Training Self-Regulated Learning In The Classroom: Development And Evaluation Of Learning Materials To Train Self-Regulated Learning During Regular Mathematics Lessons At Primary School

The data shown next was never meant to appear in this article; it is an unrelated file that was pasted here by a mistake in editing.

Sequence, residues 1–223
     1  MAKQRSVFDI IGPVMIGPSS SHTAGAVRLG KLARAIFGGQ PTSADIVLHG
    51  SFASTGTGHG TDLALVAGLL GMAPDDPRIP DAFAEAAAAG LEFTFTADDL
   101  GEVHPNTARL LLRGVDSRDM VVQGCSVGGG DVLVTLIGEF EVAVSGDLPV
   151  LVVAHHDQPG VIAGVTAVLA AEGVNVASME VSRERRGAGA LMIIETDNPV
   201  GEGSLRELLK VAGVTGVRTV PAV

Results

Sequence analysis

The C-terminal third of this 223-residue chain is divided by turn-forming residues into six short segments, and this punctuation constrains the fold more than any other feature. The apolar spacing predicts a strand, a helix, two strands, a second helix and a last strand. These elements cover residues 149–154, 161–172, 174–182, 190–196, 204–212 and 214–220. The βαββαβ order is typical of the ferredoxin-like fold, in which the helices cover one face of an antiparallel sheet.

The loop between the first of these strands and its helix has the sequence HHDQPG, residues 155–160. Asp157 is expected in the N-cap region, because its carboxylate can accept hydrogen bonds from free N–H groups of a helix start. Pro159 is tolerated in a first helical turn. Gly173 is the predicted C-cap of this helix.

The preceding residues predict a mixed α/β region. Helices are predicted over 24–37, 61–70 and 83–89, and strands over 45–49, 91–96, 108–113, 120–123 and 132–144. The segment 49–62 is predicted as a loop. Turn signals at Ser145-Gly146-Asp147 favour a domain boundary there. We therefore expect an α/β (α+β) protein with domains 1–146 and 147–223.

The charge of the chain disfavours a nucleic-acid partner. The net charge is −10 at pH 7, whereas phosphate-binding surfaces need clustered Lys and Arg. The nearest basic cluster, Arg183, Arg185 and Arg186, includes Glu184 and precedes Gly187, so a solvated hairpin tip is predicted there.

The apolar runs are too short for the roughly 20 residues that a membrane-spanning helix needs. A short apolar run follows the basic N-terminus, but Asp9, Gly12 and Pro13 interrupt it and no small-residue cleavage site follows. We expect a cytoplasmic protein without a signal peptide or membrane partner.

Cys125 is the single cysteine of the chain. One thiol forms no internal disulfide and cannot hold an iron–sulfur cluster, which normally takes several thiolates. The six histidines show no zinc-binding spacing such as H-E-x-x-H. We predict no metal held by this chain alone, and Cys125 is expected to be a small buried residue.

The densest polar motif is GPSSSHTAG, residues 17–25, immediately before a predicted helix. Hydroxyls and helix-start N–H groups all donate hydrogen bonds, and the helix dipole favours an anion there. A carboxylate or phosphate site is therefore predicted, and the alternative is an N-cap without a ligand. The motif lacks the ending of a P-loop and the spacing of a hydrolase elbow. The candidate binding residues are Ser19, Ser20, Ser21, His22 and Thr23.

The aim of the intervention based on the self-regulation theory by Zimmerman (2000) was to promote a powerful learning environment for supporting self-regulated learning by using learning materials. In the study, primary school teachers were asked to implement specific learning materials into their regular mathematics lessons in grade four. These learning materials focused on particular (meta)cognitive and motivational components of self-regulated learning and were subdivided into six units, with which the students of the experimental group were asked to deal with on a weekly basis. The evaluation was based on a quasiexperimental pre-/postcontrol-group design combined with a time series design. Altogether, 135 fourth graders participated in the study. The intervention was evaluated by a self-regulated learning questionnaire, mathematics test, and process data gathered through structured learning diaries for a period of six weeks. The results revealed that students with the self-regulated learning training maintained their level of self-reported self-regulated learning activities from pre- to posttest, whereas a significant decline was observed for the control students. Regarding students’ mathematical achievement, a slightly greater improvement was found for the students with self-regulated learning training.